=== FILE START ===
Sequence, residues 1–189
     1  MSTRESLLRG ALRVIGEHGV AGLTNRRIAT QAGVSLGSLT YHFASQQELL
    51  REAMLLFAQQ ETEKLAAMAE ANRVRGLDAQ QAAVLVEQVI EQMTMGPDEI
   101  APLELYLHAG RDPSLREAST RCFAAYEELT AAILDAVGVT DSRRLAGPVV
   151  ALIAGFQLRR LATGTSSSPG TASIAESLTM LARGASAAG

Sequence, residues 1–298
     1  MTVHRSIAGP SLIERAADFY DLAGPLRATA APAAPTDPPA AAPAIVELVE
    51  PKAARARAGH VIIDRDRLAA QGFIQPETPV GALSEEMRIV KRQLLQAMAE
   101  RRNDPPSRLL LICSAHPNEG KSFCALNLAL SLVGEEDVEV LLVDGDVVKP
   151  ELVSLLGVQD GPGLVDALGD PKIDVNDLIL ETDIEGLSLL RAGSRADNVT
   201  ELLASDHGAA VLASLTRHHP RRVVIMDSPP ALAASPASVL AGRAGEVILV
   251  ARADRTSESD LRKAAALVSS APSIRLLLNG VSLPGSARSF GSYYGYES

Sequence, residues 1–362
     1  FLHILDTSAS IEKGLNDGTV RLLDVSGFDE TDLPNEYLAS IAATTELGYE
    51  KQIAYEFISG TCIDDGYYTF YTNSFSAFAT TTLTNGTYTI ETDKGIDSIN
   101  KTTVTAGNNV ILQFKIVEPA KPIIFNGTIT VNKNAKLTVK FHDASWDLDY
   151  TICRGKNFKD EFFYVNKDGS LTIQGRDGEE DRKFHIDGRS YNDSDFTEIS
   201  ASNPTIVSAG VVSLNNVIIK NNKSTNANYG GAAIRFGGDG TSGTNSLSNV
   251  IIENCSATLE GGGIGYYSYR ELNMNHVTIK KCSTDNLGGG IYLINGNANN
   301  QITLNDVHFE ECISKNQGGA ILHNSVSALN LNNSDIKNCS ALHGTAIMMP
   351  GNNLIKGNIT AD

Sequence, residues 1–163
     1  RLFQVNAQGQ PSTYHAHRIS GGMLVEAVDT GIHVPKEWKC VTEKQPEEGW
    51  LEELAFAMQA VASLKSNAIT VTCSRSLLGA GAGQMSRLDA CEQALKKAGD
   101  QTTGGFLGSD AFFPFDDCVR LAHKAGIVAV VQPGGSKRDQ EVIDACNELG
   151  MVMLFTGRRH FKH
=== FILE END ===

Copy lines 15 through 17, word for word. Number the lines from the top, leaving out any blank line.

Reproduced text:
    51  KQIAYEFISG TCIDDGYYTF YTNSFSAFAT TTLTNGTYTI ETDKGIDSIN
   101  KTTVTAGNNV ILQFKIVEPA KPIIFNGTIT VNKNAKLTVK FHDASWDLDY
   151  TICRGKNFKD EFFYVNKDGS LTIQGRDGEE DRKFHIDGRS YNDSDFTEIS